Is it actually illegal to discriminate against an illegal alien? It can’t be illegal to discriminate in employement since it’s illegal to employ an illegal alien anyway, but what about accommodation? Could a landlord refuse to rent to someone if s/he thinks they’re an illegal alien? Could a store/restaurant refuse service? Could a bank refuse to open an account?
A lot of people seem to have the idea that it is illegal to discriminate against anyone, when the fact is that it is illegal to discriminate against people who are members of “a protected class”.
A protected class is:
A class or group characteristic, which may not be used as the sole reason for an employment or academic decision unless it constitutes a bona-fide occupational qualification. State and federal anti-discrimination laws currently identify the following protected groups: race, color, creed, religion, ancestry, national origin, sex, including marital status, age, disability and veteran status.
As illegal alien status, or undocumented worker, if you prefer, is not listed, and it is therefore not illegal to discriminate against illegal aliens.
A landlord can refuse to rent to pretty much anyone, providing the reason is not covered by a “protected class” status (see Bill Door’s post).The city of Hazelton, PA, carried this one step further in 2006 by passing its “Illegal Immigration Relief Act” making it illegal for Hazelton landlords to rent to improperly-documented aliens; in July 2007 the ordinance was struck down by a federal judge as being unconstitutional. The case is currently under appeal.
In the US, a bank will need to see a taxpayer ID card in order to open an account; this is so it can report certain transactions (e.g. deposits of more than $10,000) to the IRS if the case arises. Usually the Social Security card – which illegal aliens cannot legally obtain – is used; however, there also exists an Individual Taxpayer Identification Number which the IRS can issue without regard to immigration status. The IRS-issued ITIN card may legally be used to open a US bank account, although the resulting paper trail may shine an unwanted spotlight on the individual. If the bank officer opening the account believes that the presented card is a forgery or stolen, he/she can of course refuse to open the account and may also alert the authorities.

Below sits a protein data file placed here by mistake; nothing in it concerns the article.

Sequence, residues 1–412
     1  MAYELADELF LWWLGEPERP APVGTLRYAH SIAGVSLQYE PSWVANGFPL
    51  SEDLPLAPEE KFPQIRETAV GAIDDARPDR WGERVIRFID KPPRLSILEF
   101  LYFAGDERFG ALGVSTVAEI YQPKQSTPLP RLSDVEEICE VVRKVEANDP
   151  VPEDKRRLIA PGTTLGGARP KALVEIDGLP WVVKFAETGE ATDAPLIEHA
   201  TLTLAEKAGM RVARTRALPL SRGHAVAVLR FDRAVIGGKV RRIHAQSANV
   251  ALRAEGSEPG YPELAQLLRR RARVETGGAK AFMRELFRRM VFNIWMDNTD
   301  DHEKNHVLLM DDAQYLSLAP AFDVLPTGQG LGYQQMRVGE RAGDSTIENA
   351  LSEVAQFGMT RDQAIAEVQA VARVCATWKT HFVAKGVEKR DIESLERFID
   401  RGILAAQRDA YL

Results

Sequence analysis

Here in Minnesota, most of the illegal aliens are Mexican (hispanic). So they could arguably fall under either the “race” or “national origin” categories of the law.
This means you could get in trouble if someone proved that you were renting to illegal Somalis or Guatamalans, but not Mexicans or Hispanics, specifically. As long as you can show that you’re seeking similar proof of legality from all residents, you should be fine.
There was a story tonight on the local Orlando news about a woman who had applied to a job and the employer asked “are you married, do you have any kids?”. When she said no to married, and yes to kids, the interviewer said “ok no thanks”. I think they said it wasn’t illegal to ask these questions…maybe it’s illegal to make you answer them?
The US Constitution addresses some rights to all persons as opposed to just citizens in other cases. It stands to reason that one’s illegal alien status does not supercede their status as a person and thus, protects them in certain cases.
It’s an attempt to discriminate based on marital status and having kids (within or without marriage). I believe the asking of either question, directly or implied would get that potential employer in hot water.